[Openicc] new version of xcalib

Graeme Gill graeme at argyllcms.com
Fri Mar 4 14:39:14 EST 2005

Stefan Döhla wrote:
> Additionally, a Win32 version is available. It can be used as an
> alternative to commercial gamma loaders. You may place it in Autostart
> to load the vcgt-content to your video-card's LUT on start-up.

I was having a look around at various OS's, trying to see how each
copes with setting up RAMDAC values, from the point of view
of setting these curves, and being able to manipulate them to
do calibration. If anyone has any comments, corrections, additions
or further pointers to my summary, please add them.

Graeme Gill.

Monitor calibration interfaces on various OS's

	Windows NT4 doesn't seem to have support for loading RAMDAC
	values. Get/SetDeviceGammaRamp() don't do anything under NT4.
	There seems no standard way around this, even if the underlying
	video drivers support it, since you can't open the video driver
	directly from user or even kernel space to send it an ioctl.
	Somehow the Nvidia GeForce4 tools are able to communicate
	with the NVidia drivers, since it's user tools have a "Color correction"
	pane that sets the Red, Green and Blue curves on my NT4 system. How it
	does this is a bit of a mystery.

	Presumably on Windows 2000 and XP, Get/SetDeviceGammaRamp() works
	as advertised.

	The Get/SetDeviceGammaRamp() functions cope with up to 16 bit
	table entries (allowing for 10 or more bit RAMDACs).

	For Longhorn they are promising something more integrated with the
	new Windows Color Architecture (perhaps much like OSX).

Mac OSX:
	Has a whole interface for dealing with this stuff (Quartz services),
	and automatically sets the RAMDACs from the selected screen profile.
	Unfortunately the CGGet/SetDisplayTransferByTable() functions only seem
	to handle 8 bit entries, meaning that RAMDAC capabilities can't be fully
	utilized, unless it can be represented as a color "formula".
	This seems like a problem for high quality color display.

	See :

	In theory a Direct Color Visual lets you set the RAMDAC values by setting
	the colormap values, and handle up to 16 bits per component. In practice
	this interface seems rather oriented to individual applications, rather
	that setting global screen parameters, so the XVidModeExtension seems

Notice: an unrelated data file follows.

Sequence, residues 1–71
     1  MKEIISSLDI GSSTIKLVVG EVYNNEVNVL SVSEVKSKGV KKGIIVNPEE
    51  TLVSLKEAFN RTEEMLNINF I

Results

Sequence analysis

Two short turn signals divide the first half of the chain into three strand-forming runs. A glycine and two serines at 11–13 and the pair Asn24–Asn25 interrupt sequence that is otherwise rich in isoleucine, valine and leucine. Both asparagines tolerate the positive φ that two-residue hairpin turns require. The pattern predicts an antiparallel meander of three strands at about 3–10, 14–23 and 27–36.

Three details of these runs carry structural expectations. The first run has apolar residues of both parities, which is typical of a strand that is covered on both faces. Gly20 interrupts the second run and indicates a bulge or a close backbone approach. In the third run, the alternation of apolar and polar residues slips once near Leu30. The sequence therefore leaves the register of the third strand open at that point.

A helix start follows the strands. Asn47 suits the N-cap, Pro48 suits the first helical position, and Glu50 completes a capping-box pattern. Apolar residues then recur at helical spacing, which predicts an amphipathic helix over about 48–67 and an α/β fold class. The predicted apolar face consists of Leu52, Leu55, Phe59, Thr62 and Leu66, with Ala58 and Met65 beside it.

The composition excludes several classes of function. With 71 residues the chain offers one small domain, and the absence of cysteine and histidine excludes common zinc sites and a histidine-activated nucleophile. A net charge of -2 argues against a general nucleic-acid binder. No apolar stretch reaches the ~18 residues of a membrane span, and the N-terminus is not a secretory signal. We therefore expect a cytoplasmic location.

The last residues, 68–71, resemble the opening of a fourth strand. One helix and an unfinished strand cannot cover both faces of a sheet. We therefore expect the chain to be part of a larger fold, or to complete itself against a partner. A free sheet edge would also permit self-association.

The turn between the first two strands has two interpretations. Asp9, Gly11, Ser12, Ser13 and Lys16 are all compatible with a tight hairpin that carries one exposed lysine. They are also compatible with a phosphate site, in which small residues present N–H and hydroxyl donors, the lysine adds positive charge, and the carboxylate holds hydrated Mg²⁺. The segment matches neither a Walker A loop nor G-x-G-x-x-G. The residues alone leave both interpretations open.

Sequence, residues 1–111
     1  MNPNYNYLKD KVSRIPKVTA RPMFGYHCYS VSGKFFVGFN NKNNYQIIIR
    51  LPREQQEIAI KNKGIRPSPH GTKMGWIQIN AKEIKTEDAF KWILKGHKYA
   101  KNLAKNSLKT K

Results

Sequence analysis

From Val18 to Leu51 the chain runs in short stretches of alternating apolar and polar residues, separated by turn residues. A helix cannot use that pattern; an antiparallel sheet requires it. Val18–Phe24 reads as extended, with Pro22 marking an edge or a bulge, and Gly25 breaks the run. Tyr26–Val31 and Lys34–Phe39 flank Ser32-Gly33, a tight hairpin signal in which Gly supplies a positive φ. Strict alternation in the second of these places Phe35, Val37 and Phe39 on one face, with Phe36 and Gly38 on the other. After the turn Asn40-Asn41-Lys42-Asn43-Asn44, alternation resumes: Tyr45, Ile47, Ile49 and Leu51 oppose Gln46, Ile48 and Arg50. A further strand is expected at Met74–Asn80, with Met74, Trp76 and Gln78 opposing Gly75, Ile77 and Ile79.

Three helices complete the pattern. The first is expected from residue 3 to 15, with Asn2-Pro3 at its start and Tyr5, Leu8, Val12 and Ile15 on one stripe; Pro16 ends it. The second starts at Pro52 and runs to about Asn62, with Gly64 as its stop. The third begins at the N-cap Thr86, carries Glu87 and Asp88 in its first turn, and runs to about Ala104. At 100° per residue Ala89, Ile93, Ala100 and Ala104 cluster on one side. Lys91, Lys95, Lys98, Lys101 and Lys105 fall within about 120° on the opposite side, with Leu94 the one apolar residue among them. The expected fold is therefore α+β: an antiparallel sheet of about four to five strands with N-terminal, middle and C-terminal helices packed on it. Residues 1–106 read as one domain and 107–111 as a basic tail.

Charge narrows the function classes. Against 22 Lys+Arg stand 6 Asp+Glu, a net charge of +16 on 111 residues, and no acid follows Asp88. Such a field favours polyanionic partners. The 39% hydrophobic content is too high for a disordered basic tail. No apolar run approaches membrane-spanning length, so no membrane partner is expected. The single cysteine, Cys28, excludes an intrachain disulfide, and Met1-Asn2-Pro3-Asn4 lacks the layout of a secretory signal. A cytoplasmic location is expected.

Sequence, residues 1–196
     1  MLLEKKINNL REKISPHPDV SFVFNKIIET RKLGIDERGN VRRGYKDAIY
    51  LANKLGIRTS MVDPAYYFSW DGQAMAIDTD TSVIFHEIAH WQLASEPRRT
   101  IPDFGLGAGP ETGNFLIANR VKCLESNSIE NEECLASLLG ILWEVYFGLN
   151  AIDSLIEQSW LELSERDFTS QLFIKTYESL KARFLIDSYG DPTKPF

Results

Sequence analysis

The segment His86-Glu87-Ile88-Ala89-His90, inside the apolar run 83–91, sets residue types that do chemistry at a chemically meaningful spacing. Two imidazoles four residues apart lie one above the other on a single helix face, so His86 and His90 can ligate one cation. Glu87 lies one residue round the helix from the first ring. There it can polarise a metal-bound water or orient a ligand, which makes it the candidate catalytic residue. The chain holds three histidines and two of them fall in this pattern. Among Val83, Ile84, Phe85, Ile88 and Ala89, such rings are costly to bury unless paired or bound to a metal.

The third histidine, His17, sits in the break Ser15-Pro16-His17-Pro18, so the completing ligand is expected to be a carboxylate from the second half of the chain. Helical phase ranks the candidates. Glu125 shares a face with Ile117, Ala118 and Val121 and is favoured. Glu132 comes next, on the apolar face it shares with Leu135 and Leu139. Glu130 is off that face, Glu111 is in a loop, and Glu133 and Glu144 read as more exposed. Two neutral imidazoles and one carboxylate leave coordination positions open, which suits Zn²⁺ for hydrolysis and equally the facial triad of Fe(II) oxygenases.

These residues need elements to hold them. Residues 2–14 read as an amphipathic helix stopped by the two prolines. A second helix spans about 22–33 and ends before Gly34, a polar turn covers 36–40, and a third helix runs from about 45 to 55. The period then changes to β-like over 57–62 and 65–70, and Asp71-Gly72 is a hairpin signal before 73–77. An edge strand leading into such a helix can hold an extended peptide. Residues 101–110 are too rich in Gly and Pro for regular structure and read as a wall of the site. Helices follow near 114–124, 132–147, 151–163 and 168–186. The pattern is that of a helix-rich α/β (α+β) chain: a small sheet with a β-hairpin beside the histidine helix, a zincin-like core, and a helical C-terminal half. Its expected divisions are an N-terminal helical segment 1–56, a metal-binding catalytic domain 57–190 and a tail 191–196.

a more appropriate path, and XF86VidModeSetGammaRamp() apparently handles
	up to 16 bits per color component.

Other unknowns:


	It's not clear how RAMDAC tables work with a DVI interface, which
	natively seem to be 8 bit per component only. Are the RAMDAC
	tables still applied to the DVI digital output ? Is this
	Video card dependent behaviour ? Do displays with DVI input
	have their own RAMDAC lookups ? If so, how can they be loaded ?

	The DVI standard seems to imply that two DVI interfaces can be stacked
	to output 16 bits per component, but I'd imagine that video cards
	and LCD monitors that support this are rare. In terms of video
	levels therefore, it would seem that better control will be had
	using the VGA connector, rather than the DVI connector, assuming
	the video card has 10 bit or more RAMDACs, and the OS allows setting
	greater than 8 bit values, and the display itself has greater than
	8 bit ADCs.


	DDC often allows various monitor parameters to be adjusted,
	such as video presets, video gain, hue, saturation, white point etc.,
	all parameters that may need to be adjusted to bring a monitor to
	a particular calibration. Access to such DDC function for different
	operating systems seems problematic. I've only had a superficial
	look, but the impression I get is that there isn't much in the way
	of user level access to DDC for any of the 3 main OS environments,
	and even kernel level or driver access seems patchy.
	Where ACCESS.bus fits into DDC seems a little confusing too.

	I also haven't discovered any reference yet indicating that it's
	possible to set RAMDAC values using DDC, in monitors that have their
	own secondary lookup tables (particularly if they are being driven
	by DVI). Since DDC specs. are not publicly available, and can only
	be obtained at considerable cost, it's hard to know exactly how it
	works, or what it is capable of.

	Some monitors have an additional USB connection for similar functions
	to DDC. This has been a favourite of LCD monitors connected to
	Apple Mac machines. Some LCD monitors in particular (e.g. the Eizo
	monitors, see <http://www.eizo.com/products/lcd/l887/index.asp>)
	use this method to set up their 10-14 bit lookup tables.
	Although there is a USB standard for HID's that includes monitors
	(see <http://www.usb.org/developers/devclass_docs/HID1_11.pdf>
	 and <http://www.usb.org/developers/devclass_docs/usbmon10.pdf>),
	there is no mention in it of a standard interface for setting
	monitor lookup tables, implying that monitors like the EIZO
	are using a proprietary extension or proprietary protocols.
	The standard documented USB controls seem to be based on the set
	described in the VESA DDC, with few obvious extensions.

	Some monitors (for instance EIZO) seem to have proprietary control
	cables that allow older OS's (such as NT4) setup and calibrate
	the monitor. Electrical or protocol unknown (maybe a serial cable ?)

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